“New York State has long been one of the worst economic climates in the nation.  High taxes and burdensome government regulations and mandates on businesses and local governments drive costs up, and jobs down. Over the last year and half, the state has begun to address this anti-business environment with initiatives like the 2% property tax cap, Recharge NY, balanced budgets, and most recently, pension reform.  One of the next steps needs to be tackling unfair business regulations such as the ‘Scaffold Law,’ or Labor Law 240.  Scaffold Law places absolute liability on contractors and property owners in gravity-related injuries.  Senator Patrick Gallivan’s legislation, which includes a comparative negligence standard, would reduce insurance costs for public and private construction projects, therefore reducing the cost of a project, and the cost of doing business in New York State.  The Partnership looks forward to working with Senator Gallivan on making this legislation law and getting New York contractors back on equal footing with their counterparts in the other 49 states.”


    Heather Briccetti, President/CEO Business Council of New York State:


    “Now is the time to address this antiquated barrier to investment and job creation. The current Scaffold Law does not provide a safer work place, but it does result in less work places, higher costs and higher taxes. New York has an innovative, dynamic and progressive economy that can grow if this archaic hindrance is addressed. This legislation offers a fair and reasonable solution, when an employee has made the worksite unsafe by committing a crime, using drugs or alcohol, or failed to properly use safety devices, while still providing protection for responsible workers.  We thank those who support this legislation especially, Senator Gallivan and Assemblyman Morelle.”


    Louis Coletti, President Building Trades Employers’ Association:


    “Failure to reform the Scaffold Law will impede the economic growth in NYC by driving up the cost of construction.”


    Ross Pepe, President Construction Industry Council of Westchester and Hudson Valley:


    “New York State continues to be the only state in the nation placing the full burden of worker jobsite injuries on the employer regardless of circumstances beyond their control. The result is extraordinarily high insurance costs that limit economic growth and job expansion. This must change now.”


    Mike Misenhimer, Northeast Subcontractors Association:


    The financial burden for Scaffold Law claims may ultimately rest with the subcontractor-employer. Because it’s commonplace for subcontractors to have hold harmless (indemnification) provisions in their contracts with general contractors, when a Scaffold Law lawsuit is commenced against the general contractor, that contractor will, in turn, file a 3rd-party lawsuit against the subcontractor. The end result? The subcontractor who employed the injured worker is hit with the payment of workers’ compensation benefits, and then gets hit again through a 3rd-party lawsuit from the general contractor. So much for the “exclusive remedy” principal of workers’ compensation.


    Matt Nelligan, Manager of Public Affairs New York Farm Bureau:


    “When you think of the negative impacts of the Scaffold Law, farmers might not immediately come to mind. But the reality is, that whether you are a dairy farmer looking to build a new barn or an apple orchard that allows the use of ladders for a u-pick operation, you know about the negative effects of the Scaffold Law because you feel it where it hurts: in your wallet. Farmers want to reinvest in their businesses and grow their operations, but the Scaffold Law keeps insurance costs high, which makes money for capital investment all the more scarce. The reform of the Scaffold Law will help to create a better business environment for agriculture and we commend Senator Gallivan and Assemblyman Morelle for leading this effort.”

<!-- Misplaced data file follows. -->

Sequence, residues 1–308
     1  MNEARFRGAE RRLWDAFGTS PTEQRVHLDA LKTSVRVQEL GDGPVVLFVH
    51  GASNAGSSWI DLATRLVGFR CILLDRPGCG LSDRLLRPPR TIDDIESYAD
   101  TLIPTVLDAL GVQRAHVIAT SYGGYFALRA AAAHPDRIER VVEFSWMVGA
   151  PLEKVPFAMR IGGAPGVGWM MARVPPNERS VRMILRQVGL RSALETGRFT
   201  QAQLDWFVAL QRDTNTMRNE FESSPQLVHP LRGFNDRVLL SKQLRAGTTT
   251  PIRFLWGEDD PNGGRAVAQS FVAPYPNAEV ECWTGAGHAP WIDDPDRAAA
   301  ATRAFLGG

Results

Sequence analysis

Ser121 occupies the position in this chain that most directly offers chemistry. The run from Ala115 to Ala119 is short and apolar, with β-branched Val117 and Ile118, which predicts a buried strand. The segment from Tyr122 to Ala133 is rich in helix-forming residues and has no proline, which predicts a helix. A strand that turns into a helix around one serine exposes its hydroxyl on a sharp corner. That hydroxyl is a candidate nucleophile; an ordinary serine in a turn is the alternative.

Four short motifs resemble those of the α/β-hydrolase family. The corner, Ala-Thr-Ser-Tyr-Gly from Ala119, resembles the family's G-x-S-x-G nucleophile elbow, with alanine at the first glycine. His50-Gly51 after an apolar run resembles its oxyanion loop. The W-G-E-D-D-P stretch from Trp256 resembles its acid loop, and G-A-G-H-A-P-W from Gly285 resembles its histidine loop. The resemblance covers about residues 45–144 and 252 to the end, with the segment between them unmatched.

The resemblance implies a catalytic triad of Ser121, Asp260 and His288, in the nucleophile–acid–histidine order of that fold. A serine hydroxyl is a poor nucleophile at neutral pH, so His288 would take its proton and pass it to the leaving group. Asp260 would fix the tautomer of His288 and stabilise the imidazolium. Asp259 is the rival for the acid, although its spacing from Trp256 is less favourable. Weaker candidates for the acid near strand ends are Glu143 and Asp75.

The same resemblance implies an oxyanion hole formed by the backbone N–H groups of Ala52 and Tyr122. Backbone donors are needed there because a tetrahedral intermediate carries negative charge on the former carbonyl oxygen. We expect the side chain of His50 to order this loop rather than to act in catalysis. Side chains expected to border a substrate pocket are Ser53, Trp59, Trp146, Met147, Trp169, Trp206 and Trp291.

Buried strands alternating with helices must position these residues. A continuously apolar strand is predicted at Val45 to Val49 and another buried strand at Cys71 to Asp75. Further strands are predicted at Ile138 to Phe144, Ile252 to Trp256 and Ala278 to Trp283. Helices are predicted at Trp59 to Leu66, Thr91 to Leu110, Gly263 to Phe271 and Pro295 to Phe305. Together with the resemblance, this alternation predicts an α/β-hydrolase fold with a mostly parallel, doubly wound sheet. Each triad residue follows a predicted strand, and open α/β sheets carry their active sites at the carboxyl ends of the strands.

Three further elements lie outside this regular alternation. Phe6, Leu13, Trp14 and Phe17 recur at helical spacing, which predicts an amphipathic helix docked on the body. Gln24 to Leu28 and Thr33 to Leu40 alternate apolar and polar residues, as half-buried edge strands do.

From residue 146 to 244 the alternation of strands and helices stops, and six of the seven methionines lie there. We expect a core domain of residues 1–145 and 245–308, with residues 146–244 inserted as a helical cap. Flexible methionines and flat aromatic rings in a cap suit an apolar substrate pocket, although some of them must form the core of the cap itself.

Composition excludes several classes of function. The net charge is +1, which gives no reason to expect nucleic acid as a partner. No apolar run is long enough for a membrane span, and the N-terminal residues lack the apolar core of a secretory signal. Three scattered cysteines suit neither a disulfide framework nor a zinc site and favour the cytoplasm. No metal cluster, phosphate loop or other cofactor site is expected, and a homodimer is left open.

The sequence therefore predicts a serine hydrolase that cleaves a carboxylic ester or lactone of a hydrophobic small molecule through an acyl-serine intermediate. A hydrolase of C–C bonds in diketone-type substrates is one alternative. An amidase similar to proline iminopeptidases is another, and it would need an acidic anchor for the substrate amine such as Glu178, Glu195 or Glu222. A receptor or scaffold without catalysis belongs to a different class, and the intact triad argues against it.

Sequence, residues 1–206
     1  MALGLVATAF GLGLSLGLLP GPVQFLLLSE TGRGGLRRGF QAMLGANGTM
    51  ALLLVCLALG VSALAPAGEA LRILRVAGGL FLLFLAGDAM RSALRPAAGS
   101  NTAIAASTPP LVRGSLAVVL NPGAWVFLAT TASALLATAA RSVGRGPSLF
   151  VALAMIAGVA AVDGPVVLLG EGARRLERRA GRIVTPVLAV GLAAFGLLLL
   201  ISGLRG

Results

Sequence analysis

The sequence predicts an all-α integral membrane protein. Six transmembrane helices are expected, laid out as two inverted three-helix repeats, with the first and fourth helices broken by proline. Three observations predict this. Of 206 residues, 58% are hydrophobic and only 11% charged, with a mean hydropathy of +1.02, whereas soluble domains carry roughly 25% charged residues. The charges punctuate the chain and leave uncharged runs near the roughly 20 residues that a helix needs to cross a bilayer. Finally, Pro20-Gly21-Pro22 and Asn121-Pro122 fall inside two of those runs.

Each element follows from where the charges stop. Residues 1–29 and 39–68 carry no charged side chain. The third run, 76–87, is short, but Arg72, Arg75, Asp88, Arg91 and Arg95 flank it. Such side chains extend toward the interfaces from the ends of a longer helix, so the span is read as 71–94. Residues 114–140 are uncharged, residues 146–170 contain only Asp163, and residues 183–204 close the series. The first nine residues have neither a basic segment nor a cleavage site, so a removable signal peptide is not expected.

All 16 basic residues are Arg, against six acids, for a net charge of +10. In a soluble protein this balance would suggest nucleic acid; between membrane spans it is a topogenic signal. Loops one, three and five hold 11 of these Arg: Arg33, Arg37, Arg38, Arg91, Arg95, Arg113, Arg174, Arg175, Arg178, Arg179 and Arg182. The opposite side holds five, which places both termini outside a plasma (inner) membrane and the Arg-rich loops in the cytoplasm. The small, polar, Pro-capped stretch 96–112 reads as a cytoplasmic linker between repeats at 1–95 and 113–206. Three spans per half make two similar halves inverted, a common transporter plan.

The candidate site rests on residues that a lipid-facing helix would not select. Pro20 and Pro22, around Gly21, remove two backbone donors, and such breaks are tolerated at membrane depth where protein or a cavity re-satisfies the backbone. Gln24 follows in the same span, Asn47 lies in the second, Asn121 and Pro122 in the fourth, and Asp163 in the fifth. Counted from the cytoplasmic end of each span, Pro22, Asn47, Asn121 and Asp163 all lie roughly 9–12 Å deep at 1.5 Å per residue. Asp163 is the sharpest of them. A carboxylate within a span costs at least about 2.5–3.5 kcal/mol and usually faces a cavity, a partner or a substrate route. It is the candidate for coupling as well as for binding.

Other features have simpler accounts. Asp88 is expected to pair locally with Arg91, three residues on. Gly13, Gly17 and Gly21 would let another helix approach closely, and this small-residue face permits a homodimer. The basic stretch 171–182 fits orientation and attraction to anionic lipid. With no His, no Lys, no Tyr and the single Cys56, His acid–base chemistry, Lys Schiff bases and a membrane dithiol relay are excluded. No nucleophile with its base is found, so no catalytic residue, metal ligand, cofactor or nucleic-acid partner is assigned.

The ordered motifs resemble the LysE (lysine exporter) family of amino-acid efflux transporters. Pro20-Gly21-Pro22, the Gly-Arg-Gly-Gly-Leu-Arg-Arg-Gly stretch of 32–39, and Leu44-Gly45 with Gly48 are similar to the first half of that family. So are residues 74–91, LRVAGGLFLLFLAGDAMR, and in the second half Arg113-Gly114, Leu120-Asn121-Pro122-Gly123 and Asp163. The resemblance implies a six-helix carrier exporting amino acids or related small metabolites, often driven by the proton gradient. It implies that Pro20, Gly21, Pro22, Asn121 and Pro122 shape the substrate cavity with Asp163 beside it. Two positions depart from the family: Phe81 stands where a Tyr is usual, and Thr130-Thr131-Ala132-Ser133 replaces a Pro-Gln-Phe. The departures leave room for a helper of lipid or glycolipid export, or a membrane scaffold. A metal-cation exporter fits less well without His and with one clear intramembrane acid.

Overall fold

Mike Durant, State Director National Federation of Independent Business:


    “The Scaffold Law is the standard-bearer of New York’s dubious anti-business reputation,” said Mike Durant, State Director for the National Federation of Independent Business.  “It is nonsensical for New York to stand alone as the only state that employs a strict liability standard for employers.  I applaud Senator Gallivan and Assemblyman Morelle for taking a stand for job creators and introducing legislation that takes a common sense approach.  Reforming the notorious Scaffold Law will help create jobs and lower the high costs of doing business in this state.”


    Peter Baynes, Executive Director New York Conference of Mayors:


    “The New York Conference of Mayors thanks Senator Gallivan and Assemblyman Morelle for their efforts to reform a law that has been a barrier to job creation, a drain on our economy and a thorn in the side of taxpayers and local governments alike. At a time when communities all across the state are facing some of their greatest fiscal challenges, any efforts to protect local governments from additional financial exposure by affording them their right to due process must be given the utmost consideration. Passage of this bill would go a long way toward fulfilling the promise to provide local governments with meaningful mandate relief.”


    Brian Sampson, Executive Director Unshackle Upstate:


    “Unshackle Upstate applauds Senator Patrick Gallivan for introducing Scaffold Law reform legislation that includes a comparative negligence standard. Currently, New York is the only state in the nation with this onerous law, which holds contractors, employers and property owners absolutely liable for gravity-related injuries. Enacting this measure into law would decrease the insurance and overall costs for various public and private construction projects and ultimately, allow many of our roads and bridges to be built with greater expediency and ease the burden on taxpayers.”